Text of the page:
Early Sunday morning, February 12 2012, (UK time), saw Twitter light up with reports of US singer Whitney Houston’s death. The news has been widely reported, from Los Angeles to the farthest point of the inner Solar System, and though the cause of her death is not yet known, rumours have abounded across the internet.
It is nothing new of course but, at least this time, the crux of the matter is true; the 48-year-old drug and drink addled star of the 80s and 90s is sadly dead.
All too often, celebrity deaths trend on Facebook and Twitter, only to be revealed as being bogus claims; they were posted for reasons best known to the original postee.
In some respects of course, these episodes can be looked on as amusing asides to day to day life. Scratch a little deeper though and things aren’t so funny, with members of the “deceased” star’s family often left traumatised.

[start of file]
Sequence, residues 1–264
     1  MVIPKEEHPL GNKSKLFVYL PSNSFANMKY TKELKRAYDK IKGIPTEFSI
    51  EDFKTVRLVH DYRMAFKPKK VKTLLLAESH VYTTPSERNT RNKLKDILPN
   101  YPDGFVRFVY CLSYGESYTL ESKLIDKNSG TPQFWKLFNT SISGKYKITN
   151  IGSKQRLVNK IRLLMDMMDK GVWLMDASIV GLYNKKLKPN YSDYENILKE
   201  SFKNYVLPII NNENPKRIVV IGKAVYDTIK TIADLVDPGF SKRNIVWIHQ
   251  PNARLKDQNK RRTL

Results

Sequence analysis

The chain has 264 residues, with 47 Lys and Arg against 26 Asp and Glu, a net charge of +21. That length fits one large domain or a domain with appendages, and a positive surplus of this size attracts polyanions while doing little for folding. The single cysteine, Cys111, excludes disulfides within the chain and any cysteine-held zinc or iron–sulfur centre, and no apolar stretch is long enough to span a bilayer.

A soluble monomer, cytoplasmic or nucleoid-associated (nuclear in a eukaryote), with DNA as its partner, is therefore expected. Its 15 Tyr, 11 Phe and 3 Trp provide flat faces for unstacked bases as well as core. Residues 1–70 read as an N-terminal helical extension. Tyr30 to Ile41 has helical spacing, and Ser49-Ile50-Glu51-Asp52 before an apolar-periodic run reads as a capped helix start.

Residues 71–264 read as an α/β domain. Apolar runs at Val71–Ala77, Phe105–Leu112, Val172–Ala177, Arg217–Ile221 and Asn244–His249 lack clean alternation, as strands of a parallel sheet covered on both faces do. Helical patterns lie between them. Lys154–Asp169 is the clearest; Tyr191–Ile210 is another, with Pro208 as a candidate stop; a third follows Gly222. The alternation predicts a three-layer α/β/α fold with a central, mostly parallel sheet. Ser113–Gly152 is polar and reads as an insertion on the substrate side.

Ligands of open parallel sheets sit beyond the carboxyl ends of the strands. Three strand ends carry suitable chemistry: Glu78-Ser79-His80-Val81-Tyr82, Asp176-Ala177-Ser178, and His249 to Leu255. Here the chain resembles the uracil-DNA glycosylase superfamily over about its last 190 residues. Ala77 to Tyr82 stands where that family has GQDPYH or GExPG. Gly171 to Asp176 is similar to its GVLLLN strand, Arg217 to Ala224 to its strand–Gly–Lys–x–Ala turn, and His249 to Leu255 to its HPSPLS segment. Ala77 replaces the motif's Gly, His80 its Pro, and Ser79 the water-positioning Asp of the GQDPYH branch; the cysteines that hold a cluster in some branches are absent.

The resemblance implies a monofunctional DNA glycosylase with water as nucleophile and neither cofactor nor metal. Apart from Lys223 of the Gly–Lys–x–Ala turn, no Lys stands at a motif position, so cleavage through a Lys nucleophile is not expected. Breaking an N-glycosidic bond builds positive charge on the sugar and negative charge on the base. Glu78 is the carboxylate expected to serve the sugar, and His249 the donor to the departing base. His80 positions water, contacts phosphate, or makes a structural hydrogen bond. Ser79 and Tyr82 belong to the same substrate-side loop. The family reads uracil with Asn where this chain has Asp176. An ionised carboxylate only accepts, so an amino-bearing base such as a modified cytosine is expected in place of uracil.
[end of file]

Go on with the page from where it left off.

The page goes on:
Some major social networks are reluctant to address the issue, citing that censorship is not their policy, so it is just a question of waiting for the trend to stop, if it ever will.
The trend also shines a light on the importance of facts to be checked for bona fide reporters, and much the same can be said of those creating SEO content. This is far more than simply being responsible though.
Whether writing targeted content about the goings on in Los Angeles, or creating marketing materials in Liverpool, giving your audience facts and figures that can be relied upon helps to keep the traffic coming.